While enough of a Puritan to be pretty indifferent to Christmas as a religious festival, I do enjoy the excuse to spend this time of year thinking particularly about the incarnation and birth of the Lord Jesus Christ. I know, I know, a real Puritan would understand that Christmas is the one time of year when it is not appropriate to think about these things; but what can I say? English pragmatic moderation always wins out; and so, in a short series of four brief reflections, I want to offer some thoughts on the impossible reality that was the birth of Christ.
Now, one of the most obvious differences between Lutherans and Reformed has historically been their attitude to pictures of Jesus. While the Reformed have generally repudiated them as breaches of the Second Commandment, the Lutherans, from Luther onwards, have been most comfortable to have them in their churches and homes. Of course, we are generally not talking here of those ghastly evangelical pop-art pictures of a Jesus who, as one of my students eloquently puts it, always seems to look a bit like an eerily luminescent Barry Gibb in an ecstatic trance; but rather of remarkable pieces of Renaissance art, such as Grünewald's famous Isenheim Altarpiece.
While I find myself strongly inclined to hold to the Reformed position on such images, I do think there is something to be gained from understanding an aspect of the theological reasoning behind the Lutheran position, even if one disagrees with its ultimate sidelining of the Second Commandment. Underlying it is a commitment to the idea of God manifest in the flesh, to a God who has revealed himself in and through the fragile, finite flesh of the human creature, and of making this fragility, this smallness, a central piece of Christian piety. Indeed, to use typical Lutheran terminology, God hides himself in the flesh of a human creature, and thus reveals himself in and through that hiddenness. Who would have thought to look there, at a tiny baby in a manger in a dingy stable in Bethlehem, a town in some minor province of the Roman Empire, for the arrival of the great king to end all kings?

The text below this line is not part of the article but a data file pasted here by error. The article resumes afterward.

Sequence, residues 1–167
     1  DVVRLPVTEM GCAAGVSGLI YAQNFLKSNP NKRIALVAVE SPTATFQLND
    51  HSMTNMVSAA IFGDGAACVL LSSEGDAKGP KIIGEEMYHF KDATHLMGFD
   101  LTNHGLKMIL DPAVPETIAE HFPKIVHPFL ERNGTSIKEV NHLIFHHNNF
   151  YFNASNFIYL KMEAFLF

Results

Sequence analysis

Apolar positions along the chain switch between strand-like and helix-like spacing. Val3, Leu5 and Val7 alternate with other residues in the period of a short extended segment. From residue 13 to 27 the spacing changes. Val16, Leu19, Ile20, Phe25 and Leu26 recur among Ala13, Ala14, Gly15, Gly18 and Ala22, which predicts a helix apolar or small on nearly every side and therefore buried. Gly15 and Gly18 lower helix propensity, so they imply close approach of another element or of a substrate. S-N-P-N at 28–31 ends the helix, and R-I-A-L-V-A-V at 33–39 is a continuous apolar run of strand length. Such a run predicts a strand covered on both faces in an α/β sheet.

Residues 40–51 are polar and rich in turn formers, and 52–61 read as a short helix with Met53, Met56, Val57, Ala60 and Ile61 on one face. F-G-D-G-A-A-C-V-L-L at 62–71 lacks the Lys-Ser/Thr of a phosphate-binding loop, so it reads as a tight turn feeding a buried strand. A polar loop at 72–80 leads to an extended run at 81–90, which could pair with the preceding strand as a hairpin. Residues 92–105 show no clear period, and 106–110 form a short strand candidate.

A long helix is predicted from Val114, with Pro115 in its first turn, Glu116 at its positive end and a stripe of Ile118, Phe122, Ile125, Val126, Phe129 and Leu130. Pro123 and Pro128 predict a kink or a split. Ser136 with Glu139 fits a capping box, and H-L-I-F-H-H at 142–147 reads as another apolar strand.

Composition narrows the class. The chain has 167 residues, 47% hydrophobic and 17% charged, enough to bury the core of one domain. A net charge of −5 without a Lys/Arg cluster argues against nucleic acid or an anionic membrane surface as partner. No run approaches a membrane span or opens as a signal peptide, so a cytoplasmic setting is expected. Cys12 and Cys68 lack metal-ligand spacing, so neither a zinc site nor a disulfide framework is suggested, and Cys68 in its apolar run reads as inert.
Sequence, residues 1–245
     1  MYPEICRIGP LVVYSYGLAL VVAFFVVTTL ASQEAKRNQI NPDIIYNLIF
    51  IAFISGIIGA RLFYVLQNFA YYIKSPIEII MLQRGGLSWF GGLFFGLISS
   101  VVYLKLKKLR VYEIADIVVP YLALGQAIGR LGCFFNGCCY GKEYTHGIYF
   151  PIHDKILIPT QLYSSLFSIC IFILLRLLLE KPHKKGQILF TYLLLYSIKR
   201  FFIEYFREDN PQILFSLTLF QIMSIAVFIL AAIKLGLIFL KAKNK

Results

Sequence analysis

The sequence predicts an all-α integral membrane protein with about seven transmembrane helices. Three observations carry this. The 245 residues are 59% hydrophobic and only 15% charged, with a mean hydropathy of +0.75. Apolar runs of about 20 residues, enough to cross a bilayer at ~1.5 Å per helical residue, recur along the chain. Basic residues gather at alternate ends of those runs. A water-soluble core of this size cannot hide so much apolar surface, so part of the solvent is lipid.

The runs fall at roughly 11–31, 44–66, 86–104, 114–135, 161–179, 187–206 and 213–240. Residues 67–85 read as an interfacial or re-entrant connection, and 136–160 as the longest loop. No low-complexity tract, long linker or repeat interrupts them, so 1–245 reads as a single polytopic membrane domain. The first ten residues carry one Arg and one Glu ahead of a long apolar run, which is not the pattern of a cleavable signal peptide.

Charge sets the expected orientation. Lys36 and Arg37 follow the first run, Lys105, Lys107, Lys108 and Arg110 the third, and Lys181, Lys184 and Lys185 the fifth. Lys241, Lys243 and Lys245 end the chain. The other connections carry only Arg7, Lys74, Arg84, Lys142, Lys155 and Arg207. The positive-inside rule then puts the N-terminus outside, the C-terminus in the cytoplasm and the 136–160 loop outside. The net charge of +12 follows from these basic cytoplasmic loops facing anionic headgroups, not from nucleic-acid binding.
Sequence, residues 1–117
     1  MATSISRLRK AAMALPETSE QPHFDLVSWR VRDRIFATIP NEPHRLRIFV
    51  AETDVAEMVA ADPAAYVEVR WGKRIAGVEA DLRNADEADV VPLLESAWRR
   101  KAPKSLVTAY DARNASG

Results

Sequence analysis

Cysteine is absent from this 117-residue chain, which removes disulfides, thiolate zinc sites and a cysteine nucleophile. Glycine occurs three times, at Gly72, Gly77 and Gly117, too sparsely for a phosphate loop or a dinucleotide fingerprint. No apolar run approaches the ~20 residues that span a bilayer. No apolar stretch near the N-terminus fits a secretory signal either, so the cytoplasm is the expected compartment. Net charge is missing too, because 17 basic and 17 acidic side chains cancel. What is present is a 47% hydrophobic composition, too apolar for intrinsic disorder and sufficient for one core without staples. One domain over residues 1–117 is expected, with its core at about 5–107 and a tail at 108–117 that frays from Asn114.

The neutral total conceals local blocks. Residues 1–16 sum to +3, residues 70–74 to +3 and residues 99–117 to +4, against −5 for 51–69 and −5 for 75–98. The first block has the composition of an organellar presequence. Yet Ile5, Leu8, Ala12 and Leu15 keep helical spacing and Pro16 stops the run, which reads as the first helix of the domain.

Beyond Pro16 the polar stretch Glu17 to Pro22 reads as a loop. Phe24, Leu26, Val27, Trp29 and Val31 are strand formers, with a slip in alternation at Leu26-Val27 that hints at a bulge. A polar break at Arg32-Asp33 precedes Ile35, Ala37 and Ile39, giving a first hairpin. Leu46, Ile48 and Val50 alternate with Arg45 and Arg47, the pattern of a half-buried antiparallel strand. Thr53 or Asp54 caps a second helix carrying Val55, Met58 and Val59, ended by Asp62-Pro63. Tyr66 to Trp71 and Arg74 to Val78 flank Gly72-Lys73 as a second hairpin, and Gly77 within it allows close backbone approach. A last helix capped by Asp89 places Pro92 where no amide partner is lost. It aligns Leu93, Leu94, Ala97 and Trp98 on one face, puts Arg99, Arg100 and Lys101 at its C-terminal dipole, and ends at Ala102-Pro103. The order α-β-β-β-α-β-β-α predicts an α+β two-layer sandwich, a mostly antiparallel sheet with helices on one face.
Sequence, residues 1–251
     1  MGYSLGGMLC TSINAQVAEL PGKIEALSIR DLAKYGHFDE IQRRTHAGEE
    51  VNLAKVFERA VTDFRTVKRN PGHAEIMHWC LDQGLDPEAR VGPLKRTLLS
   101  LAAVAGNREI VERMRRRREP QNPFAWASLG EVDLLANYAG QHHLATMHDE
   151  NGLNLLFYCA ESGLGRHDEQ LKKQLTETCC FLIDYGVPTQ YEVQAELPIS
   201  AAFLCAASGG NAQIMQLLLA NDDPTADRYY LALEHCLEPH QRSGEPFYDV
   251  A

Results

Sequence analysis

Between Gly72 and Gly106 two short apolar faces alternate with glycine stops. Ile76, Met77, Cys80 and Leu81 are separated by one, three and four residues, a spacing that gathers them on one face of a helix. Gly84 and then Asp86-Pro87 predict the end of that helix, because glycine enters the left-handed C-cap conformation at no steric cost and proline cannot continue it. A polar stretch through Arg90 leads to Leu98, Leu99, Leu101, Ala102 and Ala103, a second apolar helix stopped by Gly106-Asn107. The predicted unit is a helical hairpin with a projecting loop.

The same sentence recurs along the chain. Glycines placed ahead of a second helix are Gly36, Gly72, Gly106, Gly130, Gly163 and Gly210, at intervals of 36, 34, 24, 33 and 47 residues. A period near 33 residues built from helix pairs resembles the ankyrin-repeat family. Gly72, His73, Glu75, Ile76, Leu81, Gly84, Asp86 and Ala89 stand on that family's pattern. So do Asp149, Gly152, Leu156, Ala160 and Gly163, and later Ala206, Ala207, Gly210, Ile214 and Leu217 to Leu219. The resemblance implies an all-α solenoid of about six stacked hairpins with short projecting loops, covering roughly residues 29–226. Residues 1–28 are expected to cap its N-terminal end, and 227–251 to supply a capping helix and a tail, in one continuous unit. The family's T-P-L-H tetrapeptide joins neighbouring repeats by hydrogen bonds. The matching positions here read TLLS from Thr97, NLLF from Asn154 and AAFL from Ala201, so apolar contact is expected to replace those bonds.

It is intriguing that one of the earliest heresies the church had to face was that of docetism, the denial that God had really become incarnate. I say it is intriguing because there is surely something fascinating in the fact that the archetypal and perennial sin of humanity is that we think of ourselves in god-like terms. We make ourselves the measure of all things, we assume that if there is a god `out there' then he is very much like us -- perhaps greater and wiser, but essentially continuous with our own being. It is surely ironic, then, that human beings find it so difficult to believe that God has actually come in the flesh; that, yes, a human creature is also divine but that this particular creature is not us, it is Jesus Christ of Nazareth.
The problem with the incarnation is, of course, that it is a thorough contradiction of human expectations about who God is and how he should act. Yes, it is true that we think humanity is indeed a close analogy to God, but in the sense that we are the measure of God, that we have the right to mark out the limits of who God is and what he can do, that - to put it bluntly - God is to be made in our image not vice versa.
That God would take human flesh, and that not of one of the great and the good but of a child born of apparently dubious parentage to a young woman scarcely more than a child herself, that he would be delivered in a stable - these are things that are an affront to us as human beings. That God would make himself weak and helpless, vulnerable to all of the things that plague this fallen world is outrageous. That he would risk his person through being born in a stable, without even the most rudimentary of medical assistance then available, is ridiculous. Indeed, had one stood at the door of the stable in Bethlehem on that first Christmas night, and seen the tiny mite lying in a manger, it is very doubtful that anyone could have persuaded you that you were gazing upon the very fulfillment of history, the arrival of the last Adam, and were thus in the presence of God himself.
If we are to be rescued and redeemed, we want it to be on our terms, by a redeemer worthy of us: a great and mighty one, powerful in word and deed, one who strikes instant fear and commands immediate respect. It is an insult to us that we should be rescued by one weaker than ourselves. And yet that is the glory of the gospel. Of course, as Paul points out, this gospel foolishness culminates in the cross on Calvary; but it is foreshadowed in the absurdity of the manger. God needs no advice from us; he does not pander to our expectations; the eternal explodes into time, not with a bang, but with the whimper of a new born infant.
It has been said that Luther was mesmerized by the fact of the Incarnation. At this season of the year, may we too be similarly entranced by the mighty and terrifying power of the helpless and vulnerable infant.